HistoricBridges.org Menu: HistoricBridges.org Menu:


We Recommend These Resources:
Bach Steel - Experts at historic truss bridge restoration.
Historic Bridge Finder App: Find Nearby Bridges

HistoricBridges.org: Bridge Browser

Royal Albert Bridge

Royal Albert Bridge

Primary Photographer(s): Nathan Holth

Bridge Documented: May 10, 2018

View Photos
and Videos
View Maps
and Links

Key Facts

Facility Carried / Feature Intersected
Railroad (Network Rail) Over River Tamar
Location
Saltash and Plymouth: South West, England: United Kingdom
Structure Type
Metal 12 Panel Multiple-Type-Connected Lenticular Through Truss, Fixed and Approach Spans: Metal Deck Girder, Fixed
Construction Date and Builder / Engineer
1859 By Builder/Contractor: Charles John Mare and Hudson and Male and Engineer/Design: Isambard Kingdom Brunel

Technical Facts

Rehabilitation Date
2014
Main Span Length
455 Feet (138.68 Meters)
Structure Length
2187.5 Feet (666.75 Meters)
Roadway Width
16.8 Feet (5.12 Meters)
Spans
2 Main Span(s) and 17 Approach Span(s)
NBI Number
Not Applicable

Historic Significance Rating (HSR)

Bridge Documentation

The Royal Albert Bridge is one of the most impressive bridges in the UK and indeed the world. Built in 1859, this bridge's 455 truss spans represented an unimaginable span length for metal truss bridges at the time. Even more impressive, these spans were assembled along the nearby shore, floated into position and slowly lifted into their place high above the river (100 feet of navigation clearance) as the end piers were constructed. Even today in bridge construction, moving a pre-fabricated span of 455 feet would be worthy of a news article. Imagine what an impressive feat this would have been in 1859.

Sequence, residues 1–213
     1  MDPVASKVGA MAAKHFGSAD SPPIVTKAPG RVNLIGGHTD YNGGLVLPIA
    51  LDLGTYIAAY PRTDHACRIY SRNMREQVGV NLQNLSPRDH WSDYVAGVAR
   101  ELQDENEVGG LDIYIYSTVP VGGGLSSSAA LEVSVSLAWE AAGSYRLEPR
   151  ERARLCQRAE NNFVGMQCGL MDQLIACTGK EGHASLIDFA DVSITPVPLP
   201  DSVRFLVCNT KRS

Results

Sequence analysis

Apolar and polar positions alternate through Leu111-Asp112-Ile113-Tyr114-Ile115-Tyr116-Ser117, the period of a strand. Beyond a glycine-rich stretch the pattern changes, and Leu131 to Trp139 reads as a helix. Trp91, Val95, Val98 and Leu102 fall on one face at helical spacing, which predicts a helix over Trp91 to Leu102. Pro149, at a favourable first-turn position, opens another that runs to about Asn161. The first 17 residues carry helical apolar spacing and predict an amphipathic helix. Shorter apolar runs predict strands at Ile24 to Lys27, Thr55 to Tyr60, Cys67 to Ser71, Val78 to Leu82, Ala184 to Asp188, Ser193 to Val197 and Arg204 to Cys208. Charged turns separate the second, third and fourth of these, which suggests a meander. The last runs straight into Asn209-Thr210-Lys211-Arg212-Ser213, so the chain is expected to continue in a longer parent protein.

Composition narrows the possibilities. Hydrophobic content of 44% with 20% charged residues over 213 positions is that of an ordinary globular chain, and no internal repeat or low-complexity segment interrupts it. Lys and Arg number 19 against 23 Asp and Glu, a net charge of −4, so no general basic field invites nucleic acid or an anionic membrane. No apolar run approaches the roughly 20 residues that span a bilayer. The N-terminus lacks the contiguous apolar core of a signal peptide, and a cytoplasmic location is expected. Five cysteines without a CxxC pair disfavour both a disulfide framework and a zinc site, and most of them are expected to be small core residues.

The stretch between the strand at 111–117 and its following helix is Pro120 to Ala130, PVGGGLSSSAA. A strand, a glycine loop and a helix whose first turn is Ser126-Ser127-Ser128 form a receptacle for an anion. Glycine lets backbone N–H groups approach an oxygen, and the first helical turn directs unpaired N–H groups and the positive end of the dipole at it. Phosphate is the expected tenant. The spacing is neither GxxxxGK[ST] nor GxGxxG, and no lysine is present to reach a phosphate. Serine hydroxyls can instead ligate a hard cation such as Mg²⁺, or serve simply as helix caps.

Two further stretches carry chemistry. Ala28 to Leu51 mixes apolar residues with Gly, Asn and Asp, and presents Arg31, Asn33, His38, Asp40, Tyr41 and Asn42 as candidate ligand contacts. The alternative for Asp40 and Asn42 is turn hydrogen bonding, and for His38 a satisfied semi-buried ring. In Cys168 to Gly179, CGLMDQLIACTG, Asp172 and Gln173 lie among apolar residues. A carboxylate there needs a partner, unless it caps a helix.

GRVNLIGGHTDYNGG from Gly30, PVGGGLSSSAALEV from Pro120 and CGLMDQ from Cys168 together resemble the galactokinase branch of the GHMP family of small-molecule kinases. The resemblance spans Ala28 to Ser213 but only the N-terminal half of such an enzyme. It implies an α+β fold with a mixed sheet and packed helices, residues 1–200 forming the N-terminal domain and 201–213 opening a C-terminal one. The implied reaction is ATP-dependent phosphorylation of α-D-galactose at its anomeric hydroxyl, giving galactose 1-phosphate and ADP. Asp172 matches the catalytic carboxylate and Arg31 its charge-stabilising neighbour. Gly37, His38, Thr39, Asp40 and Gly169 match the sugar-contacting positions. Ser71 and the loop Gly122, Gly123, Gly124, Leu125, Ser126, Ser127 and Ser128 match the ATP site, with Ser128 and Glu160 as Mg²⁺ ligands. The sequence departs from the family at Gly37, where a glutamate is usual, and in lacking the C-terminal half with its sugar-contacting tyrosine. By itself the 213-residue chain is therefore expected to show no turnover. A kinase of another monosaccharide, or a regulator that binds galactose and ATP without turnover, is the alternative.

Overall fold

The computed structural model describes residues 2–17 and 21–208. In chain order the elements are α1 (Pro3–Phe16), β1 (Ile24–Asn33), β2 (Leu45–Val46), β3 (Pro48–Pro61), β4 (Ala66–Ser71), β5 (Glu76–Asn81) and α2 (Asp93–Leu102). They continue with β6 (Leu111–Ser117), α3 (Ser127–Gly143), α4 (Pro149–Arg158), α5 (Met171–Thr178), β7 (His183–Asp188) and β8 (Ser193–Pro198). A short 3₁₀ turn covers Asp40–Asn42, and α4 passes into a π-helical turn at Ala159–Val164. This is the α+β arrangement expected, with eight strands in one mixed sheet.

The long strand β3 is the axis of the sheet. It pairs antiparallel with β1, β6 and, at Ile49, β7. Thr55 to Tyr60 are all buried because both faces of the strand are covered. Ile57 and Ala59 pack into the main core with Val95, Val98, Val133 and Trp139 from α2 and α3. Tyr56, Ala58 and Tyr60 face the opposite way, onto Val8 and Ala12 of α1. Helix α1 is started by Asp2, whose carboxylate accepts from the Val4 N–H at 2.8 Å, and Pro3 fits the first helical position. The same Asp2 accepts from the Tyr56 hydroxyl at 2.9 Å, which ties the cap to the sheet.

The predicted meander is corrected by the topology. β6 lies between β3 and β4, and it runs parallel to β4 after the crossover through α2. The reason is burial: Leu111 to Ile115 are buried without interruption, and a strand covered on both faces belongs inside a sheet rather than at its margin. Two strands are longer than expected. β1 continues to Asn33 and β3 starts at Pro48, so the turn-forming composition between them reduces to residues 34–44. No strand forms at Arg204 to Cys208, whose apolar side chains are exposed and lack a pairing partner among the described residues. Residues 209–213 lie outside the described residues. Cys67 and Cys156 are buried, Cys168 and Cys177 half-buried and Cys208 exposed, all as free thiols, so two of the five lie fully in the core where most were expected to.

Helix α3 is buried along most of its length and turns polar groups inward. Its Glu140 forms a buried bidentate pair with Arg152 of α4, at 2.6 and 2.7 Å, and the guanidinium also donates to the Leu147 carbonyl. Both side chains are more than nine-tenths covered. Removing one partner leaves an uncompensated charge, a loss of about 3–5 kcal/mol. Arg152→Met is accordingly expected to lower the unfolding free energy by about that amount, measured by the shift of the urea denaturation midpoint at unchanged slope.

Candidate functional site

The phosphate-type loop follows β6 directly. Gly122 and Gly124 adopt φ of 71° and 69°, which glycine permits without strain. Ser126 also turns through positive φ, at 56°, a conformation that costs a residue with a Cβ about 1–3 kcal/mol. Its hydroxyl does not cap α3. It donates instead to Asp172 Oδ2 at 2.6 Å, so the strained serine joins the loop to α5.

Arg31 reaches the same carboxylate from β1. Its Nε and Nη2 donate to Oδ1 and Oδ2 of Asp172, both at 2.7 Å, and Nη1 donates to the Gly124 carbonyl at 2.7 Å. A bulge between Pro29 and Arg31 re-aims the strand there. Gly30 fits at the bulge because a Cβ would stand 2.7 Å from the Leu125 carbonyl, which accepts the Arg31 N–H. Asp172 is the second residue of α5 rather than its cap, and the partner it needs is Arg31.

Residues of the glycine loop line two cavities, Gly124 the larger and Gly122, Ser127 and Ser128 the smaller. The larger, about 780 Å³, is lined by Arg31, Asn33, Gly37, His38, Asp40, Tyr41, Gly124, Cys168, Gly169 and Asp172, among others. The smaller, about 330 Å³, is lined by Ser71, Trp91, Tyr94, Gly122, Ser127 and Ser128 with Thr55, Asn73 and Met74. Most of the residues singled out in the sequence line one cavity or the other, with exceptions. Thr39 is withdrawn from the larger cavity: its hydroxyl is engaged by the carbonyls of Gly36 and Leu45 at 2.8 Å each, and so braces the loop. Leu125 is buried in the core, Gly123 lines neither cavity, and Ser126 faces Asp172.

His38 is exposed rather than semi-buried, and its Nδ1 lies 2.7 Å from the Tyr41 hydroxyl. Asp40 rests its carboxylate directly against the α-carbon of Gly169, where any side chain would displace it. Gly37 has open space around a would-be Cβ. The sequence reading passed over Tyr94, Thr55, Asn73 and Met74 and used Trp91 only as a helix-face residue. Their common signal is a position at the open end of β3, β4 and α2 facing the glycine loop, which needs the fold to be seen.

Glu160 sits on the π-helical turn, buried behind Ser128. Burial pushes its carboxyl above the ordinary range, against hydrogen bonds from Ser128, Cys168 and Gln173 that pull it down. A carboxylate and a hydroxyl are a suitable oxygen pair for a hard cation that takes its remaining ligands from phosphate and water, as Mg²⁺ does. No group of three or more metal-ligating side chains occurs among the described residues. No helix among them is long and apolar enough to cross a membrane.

This unique bridge was one of the crowning achievements of famous engineer Isambard Kingdom Brunel. He died shortly after the bridge was completed, and the bridge had his name added to the portals in honor of him. Brunel's design here resulted in one of the first lenticular truss bridges in the world, using a unique massive tubular top chord. 

This bridge remains in good condition today and continues to serve rail traffic. It was rehabilitated in 2010-2014. The historic integrity of the two main spans is good, although some alterations have taken place care has been made to preserve and not alter the original design details created by Brunel. An exception is the approach spans of the bridge. The original Brunel designed plate girder approach spans (which were similar to the deck-level girders that remain on the main truss spans) were replaced ca. 1905 with standard looking riveted plate girders.

Above: This historical image shows the assembly of one of the truss spans along the river.

Above: This photo shows the second truss span being slowly lifted into place as the far pier was constructed.

Above: This historical photo shows the original approach plate girder spans.

Official Heritage Listing Information and Findings

Listed At: Grade I

Discussion:

List Entry Number: 1159292